Standard Labor Practice Questioned

A standard test given to pregnant women when they go into the hospital to deliver may not be worth the effort, suggest Irish investigators.

Their study in 2003 issue of The Lancet finds routine use of electronic fetal monitoring is no better at identifying babies who may be at risk of neurological problems due to oxygen starvation during childbirth as routine monitoring with a stethoscope.

EFM gained widespread popularity in labor and delivery units more than 20 years ago, when doctors believed it provided a better way to monitor the fetal heart rate. The practice is generally administered during the first 20 minutes of admission to the labor room, regardless of whether a woman is considered at risk for premature birth or other labor problems. Studies, however, have shown EFM does little to reduce the incidence of birth problems related to asphyxia, such as cerebral palsy, and may even be increasing the need for Caesarean birth.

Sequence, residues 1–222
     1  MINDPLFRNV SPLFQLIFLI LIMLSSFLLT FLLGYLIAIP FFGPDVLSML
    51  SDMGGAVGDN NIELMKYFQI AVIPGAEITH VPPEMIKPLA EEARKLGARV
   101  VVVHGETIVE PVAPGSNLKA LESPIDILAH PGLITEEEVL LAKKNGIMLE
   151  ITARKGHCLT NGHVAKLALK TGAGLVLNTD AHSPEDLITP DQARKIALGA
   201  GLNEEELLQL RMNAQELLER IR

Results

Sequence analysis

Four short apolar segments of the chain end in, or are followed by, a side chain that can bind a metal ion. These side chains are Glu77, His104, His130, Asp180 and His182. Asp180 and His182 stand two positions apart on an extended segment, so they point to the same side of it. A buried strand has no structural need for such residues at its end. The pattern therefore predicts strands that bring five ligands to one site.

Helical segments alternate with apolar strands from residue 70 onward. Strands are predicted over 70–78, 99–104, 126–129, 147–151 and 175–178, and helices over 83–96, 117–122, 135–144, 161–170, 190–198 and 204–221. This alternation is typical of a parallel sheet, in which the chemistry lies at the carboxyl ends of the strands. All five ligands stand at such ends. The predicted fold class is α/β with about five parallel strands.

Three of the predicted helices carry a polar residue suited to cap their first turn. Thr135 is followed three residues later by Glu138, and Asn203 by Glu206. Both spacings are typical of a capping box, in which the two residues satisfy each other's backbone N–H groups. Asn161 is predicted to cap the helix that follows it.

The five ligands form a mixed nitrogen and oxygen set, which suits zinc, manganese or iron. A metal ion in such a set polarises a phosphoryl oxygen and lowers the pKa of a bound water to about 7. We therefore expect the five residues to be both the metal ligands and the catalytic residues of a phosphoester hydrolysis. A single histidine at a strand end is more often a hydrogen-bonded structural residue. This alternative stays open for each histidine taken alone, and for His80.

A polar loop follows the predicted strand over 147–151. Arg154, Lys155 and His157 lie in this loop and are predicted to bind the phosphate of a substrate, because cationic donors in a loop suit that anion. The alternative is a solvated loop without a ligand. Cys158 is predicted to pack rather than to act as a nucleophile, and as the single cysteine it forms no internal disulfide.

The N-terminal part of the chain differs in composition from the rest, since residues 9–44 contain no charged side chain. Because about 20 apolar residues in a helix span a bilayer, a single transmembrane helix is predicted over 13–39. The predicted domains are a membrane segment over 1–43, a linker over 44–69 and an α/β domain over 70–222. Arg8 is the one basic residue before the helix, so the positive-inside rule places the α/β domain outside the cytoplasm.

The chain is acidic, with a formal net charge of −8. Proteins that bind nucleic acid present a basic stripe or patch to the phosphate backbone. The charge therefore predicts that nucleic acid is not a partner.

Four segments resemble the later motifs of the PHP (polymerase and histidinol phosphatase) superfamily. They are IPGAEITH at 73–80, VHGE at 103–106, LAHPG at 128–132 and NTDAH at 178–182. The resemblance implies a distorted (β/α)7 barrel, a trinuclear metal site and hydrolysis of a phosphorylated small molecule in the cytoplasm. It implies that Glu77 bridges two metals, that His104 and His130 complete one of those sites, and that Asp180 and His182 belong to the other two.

This study compared the use of routine EFM on admission to the labor room with standard care using a stethoscope. Nearly 8,600 women considered at low risk for complications were randomly assigned one of the interventions. Results showed no difference in neonatal outcomes between the two groups, leading the authors to conclude that routine use of EFM does not reduce morbidity or mortality among newborns.

Contrary to previous studies, however, EFM in this study did not lead to additional need for Cesarean section or other operative measures during birth.

Still, the authors believe their findings suggest use of EFM during the first 20 minutes of admission cannot be justified in women at low risk for neonatal complications.

SOURCE: The Lancet, 2003;361:465-470

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